Ethiopian Airways flight crashes (10/03) + 737 MAX grounding

Discussion in 'Other Public Transport' started by atillathehunn, 10 Mar 2019.

  1. atillathehunn

    atillathehunn Established Member

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    Good.

    We had a circular from UNDSS (our security department) banning flights from being booked on the MAX as UN policy, though now it seems like its irrelevant.
     
  2. robk23oxf

    robk23oxf Member

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    Bloomberg is reporting that Garuda Indonesia is cancelling an order for 49 Boeing 737 MAX following these two crashes and the subsequent groundings. Other airlines are also re-evaluating their orders for the 737 MAX.
     
    Last edited: 18 Mar 2019
  3. rebmcr

    rebmcr Established Member

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    They should suffer severe penalty clauses for that.

    Exercising such market power before anything conclusive has been determined only serves to encourage companies like Boeing to cover-up future safety incidents.
     
  4. LOL The Irony

    LOL The Irony Established Member

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    I don't see why. Lion Air cancelled all their 737 orders after the first crash.
     
  5. robk23oxf

    robk23oxf Member

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    Strictly speaking they haven't cancelled their order but have refused to take delivery of any new aircraft. Relations between Boeing and Lion Air have been strained since the accident and Lion Air have already been evaluating alternative aircraft.
     
  6. Bletchleyite

    Bletchleyite Veteran Member

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    Depends on the contract!
     
  7. Bletchleyite

    Bletchleyite Veteran Member

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    Or maybe Boeing could fix problems properly rather than bodging on a poorly-written piece of software?
     
  8. robk23oxf

    robk23oxf Member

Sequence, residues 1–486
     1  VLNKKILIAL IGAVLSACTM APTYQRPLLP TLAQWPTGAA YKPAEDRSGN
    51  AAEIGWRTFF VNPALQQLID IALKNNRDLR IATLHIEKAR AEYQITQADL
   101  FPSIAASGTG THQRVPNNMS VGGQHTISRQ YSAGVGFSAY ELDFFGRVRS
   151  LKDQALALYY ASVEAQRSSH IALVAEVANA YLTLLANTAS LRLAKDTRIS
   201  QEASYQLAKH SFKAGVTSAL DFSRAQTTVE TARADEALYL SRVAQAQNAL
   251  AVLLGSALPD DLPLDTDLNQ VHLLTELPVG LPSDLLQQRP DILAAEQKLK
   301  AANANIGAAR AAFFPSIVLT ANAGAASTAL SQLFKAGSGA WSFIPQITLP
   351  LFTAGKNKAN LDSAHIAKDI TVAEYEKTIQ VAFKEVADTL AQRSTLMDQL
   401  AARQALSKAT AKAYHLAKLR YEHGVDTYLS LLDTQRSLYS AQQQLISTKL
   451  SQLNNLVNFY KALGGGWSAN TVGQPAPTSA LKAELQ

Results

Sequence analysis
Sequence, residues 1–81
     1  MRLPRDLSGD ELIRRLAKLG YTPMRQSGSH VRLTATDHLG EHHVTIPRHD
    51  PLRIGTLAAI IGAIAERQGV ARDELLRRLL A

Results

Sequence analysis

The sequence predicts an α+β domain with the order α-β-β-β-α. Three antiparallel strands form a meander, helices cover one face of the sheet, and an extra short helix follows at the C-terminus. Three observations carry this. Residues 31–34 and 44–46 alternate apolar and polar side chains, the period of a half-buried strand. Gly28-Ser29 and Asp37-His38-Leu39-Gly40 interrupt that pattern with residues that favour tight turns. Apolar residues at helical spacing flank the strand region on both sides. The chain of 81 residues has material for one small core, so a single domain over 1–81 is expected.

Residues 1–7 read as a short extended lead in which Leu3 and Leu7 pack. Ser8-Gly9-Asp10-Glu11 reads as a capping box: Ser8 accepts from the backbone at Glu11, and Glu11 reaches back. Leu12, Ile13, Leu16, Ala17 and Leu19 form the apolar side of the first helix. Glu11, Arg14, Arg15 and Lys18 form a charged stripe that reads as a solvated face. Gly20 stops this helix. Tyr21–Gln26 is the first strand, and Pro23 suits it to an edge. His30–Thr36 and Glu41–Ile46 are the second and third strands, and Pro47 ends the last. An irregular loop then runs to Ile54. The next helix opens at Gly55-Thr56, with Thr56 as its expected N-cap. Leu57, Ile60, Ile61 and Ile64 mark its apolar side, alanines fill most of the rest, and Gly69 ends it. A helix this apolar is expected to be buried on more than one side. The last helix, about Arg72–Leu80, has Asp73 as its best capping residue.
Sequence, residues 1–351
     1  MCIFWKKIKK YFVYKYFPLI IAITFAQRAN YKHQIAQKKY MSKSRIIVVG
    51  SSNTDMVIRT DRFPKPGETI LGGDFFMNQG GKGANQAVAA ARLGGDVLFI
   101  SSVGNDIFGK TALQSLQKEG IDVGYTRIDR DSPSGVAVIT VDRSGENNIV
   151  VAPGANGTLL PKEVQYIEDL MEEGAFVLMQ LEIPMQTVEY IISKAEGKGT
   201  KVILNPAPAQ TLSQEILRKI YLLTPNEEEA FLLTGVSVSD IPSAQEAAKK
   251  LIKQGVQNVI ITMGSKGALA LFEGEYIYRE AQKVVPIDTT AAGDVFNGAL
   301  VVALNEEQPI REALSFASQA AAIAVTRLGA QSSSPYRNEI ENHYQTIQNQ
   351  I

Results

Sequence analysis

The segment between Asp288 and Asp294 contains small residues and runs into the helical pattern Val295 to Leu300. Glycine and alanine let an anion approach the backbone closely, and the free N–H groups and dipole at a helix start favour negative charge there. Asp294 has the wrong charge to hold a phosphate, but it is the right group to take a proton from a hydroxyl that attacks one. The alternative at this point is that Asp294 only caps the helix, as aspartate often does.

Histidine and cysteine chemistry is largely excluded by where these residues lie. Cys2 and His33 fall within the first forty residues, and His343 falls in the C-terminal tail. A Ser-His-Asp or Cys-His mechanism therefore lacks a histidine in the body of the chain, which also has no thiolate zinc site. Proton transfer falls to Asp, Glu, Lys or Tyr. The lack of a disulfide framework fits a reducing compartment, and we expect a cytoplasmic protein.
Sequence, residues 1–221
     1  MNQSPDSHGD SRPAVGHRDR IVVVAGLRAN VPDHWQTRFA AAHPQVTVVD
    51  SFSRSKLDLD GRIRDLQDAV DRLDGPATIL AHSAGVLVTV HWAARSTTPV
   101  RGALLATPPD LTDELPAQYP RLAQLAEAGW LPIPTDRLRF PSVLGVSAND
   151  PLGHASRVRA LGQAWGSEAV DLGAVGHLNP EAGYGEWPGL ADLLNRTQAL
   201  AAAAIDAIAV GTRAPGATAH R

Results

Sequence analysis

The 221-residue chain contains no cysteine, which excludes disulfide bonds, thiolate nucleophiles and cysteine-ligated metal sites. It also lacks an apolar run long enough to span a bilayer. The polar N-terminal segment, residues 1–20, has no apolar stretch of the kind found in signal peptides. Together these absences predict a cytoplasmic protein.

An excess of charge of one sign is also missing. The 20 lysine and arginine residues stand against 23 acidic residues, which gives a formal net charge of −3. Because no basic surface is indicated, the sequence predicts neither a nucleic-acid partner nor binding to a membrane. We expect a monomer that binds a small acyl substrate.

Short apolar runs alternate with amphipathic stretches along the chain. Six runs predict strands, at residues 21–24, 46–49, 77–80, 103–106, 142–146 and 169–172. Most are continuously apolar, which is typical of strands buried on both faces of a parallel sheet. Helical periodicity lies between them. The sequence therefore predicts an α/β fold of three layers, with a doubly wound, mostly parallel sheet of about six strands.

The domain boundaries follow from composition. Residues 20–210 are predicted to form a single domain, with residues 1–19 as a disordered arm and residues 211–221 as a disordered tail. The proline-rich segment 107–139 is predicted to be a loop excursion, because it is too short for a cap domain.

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    A piece of software that wouldn't have been necessary had they not bodged the design of the entire aircraft.
     
  9. Bletchleyite

    Bletchleyite Veteran Member

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    Yes, precisely my point.

    Bodging bits on does have its place sometimes. Passenger aircraft, however, are not it.
     
  10. TheEdge

    TheEdge Established Member

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    A poorly written piece of software that seems to have a propensity to nosedive the aircraft.
     
  11. Bletchleyite

    Bletchleyite Veteran Member

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    Not only that, but to do so with such force that the pilot can't hope to counter it by pulling on the column, but instead has to go and find a breaker and trip it (despite in some cases not even knowing it exists) while plummeting to the ground.

    The mind utterly boggles.
     
  12. cjp

    cjp Established Member

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    And to omit mention of it in the original flight manual rather than overburden the pilots. Crazy just crazy.
    By now (post Lion) all pilots should know where it is but recognizing the problem is another thing.
    It is one thing not being allowed to do something stupid but an entirely different thing to make the aircraft fly into the ground which seems to have happened here.
     
  13. TheEdge

    TheEdge Established Member

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    I think this may boil down to being the issue. As a layman with a vague understanding of flight physics, pilots suddenly having their aircraft adopt a nose down attitude, not realising this is (apparently) MCAS working as intended, trimming to attempt to fix the nosedown attitude then suddenly finding themselves nose up and stalling.

    As an aside how different is this to the issue with the Airbus flight laws?
     
  14. Bletchleyite

    Bletchleyite Veteran Member

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    Which specific issue? The one involving the pitot tubes?

    I think a fairly key difference is that the Airbus flight laws won't actively counteract what the pilot is doing, they just keep it within an envelope. Loss of that envelope can cause confusion, which I think was the root of that crash.